Chronic kidney failure is characterized by the inability to excrete phosphate normally. Over time, this will result in a high phosphate level in the blood, which triggers the secretion of fibroblast growth factor (FGF) from the bone. FGF-23 can decrease calcitriol production and intestinal calcium absorption. Hypocalcemia then causes a compensatory PTH response.
Abnormalities found in renal osteodystrophy will trigger the parathyroid glands to secrete more parathyroid hormone to maintain homeostasis. This is also known as secondary hyperparathyroidism. If left untreated, secondary hyperparathyroidism can develop into tertiary hyperparathyroidism over many years. Tertiary hyperparathyroidism is a condition where hyperparathyroidism is refractory due to chronic renal disease. These will lead to high phosphate and calcium, resulting in deposits in the blood vessels and soft tissues.
The inability of the kidney to excrete phosphate in renal failure causes hyperphosphatemia. This will initiate the onset of CKD-related mineral bone disorder.
Hyperphosphatemia induces the release of fibroblast growth factor 23 from the bone. FGF-23 is an important mediator of phosphate homeostasis which helps increase the excretion of phosphate via urine in hyperphosphatemia. It also reduces the production and function of active vitamin D, Calcitriol, which decreases calcium absorption resulting in hypocalcemia.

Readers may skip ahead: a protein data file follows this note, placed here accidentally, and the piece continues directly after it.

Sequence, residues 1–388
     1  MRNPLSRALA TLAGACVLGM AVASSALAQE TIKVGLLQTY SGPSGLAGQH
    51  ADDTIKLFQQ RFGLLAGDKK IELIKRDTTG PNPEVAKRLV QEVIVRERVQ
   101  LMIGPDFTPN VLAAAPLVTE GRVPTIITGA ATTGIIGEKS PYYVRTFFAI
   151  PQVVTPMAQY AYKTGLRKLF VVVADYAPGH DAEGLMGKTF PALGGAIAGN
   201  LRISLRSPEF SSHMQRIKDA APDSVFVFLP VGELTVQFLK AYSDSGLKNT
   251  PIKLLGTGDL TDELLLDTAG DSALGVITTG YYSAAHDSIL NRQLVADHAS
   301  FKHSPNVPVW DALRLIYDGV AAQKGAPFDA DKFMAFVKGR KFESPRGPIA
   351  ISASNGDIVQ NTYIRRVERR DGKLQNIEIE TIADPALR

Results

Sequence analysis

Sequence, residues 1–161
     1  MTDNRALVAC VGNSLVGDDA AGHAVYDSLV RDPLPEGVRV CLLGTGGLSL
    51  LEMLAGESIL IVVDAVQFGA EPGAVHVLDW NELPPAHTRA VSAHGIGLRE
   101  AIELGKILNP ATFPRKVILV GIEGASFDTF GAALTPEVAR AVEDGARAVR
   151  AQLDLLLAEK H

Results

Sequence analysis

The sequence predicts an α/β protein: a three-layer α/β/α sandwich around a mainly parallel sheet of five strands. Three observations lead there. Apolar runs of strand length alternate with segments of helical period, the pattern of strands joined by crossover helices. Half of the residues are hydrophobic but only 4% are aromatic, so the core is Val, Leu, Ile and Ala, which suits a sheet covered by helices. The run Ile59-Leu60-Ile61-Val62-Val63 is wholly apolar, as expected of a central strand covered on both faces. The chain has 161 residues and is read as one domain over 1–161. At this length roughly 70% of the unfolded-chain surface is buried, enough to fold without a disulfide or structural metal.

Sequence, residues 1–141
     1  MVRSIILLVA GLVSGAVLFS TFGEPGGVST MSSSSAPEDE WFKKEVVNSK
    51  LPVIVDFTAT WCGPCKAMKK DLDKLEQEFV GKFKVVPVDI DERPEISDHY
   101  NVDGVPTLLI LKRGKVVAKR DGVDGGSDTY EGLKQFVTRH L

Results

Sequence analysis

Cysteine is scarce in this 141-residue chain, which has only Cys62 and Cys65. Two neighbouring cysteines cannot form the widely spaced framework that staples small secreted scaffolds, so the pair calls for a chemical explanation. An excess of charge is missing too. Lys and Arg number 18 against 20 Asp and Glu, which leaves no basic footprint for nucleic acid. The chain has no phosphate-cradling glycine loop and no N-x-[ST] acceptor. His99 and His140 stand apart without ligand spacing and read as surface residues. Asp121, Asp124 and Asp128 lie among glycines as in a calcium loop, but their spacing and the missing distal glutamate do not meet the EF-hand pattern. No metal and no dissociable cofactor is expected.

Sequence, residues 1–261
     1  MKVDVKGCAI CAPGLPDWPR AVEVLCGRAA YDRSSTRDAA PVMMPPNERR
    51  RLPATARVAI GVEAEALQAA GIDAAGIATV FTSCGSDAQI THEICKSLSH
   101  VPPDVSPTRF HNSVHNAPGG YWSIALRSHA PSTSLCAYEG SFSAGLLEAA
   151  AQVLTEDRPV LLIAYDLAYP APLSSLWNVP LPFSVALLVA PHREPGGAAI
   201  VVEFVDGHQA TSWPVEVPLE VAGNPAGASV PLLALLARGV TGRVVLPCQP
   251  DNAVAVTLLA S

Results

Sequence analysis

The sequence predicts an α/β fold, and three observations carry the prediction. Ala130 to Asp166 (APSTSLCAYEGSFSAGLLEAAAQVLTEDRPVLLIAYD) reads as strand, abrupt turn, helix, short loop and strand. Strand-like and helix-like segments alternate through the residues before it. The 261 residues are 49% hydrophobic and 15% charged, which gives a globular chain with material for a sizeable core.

Chronic kidney failure also impairs the hydroxylation of vitamin D into calcitriol, which decreases intestinal calcium absorption. Patients with have decreased 1,25-dihydroxyvitamin D, or calcitriol.
Osteitis fibrosa cystica can occur in up to 50% of renal osteodystrophy cases due to excess parathyroid hormone production. Increased osteoclast activity is the root of this process. It manifests as bone pain and is characterized by cystic bone spaces loaded with brown fibrous tissue. The brown color appears due to hemosiderin deposits from microhemorrhages. It can be present with subperiosteal bone resorption, which leads to cortical thinning.
Renal osteodystrophy can lead to osteoporosis. This will increase the risk of fracture in patients. Osteoporosis is characterized by bone loss and trabecular thinning with fewer interconnections.
Osteomalacia can be seen as a part of the spectrum of bone abnormalities in renal osteodystrophy. Osteomalacia is characterized by impaired bone mineralization, which can manifest as bone pain.
Treatment of renal osteodystrophy is aimed at treating the underlying disorder. Dietary phosphate restriction is recommended in chronic kidney failure patients. Phosphate serum level should be below 5.5. mg/dL. A vegetarian diet helps restricts phosphate due to the low bioavailability of phosphate in vegetarian protein. If dietary phosphate restriction is not effective in reducing phosphate level, a phosphate binder may be indicated. Phosphate binders can be calcium-containing or non-calcium containing. Calcium-containing includes calcium carbonate and calcium acetate. Non-calcium containing agents include sevelamer and lanthanum. Vitamin D2 is recommended for patients with vitamin D below 30 ng/mL. Calcitriol is a potent vitamin D analog. Other options that can be considered are cinacalcet, sodium bicarbonate, bisphosphonates, and surgical parathyroidectomy.
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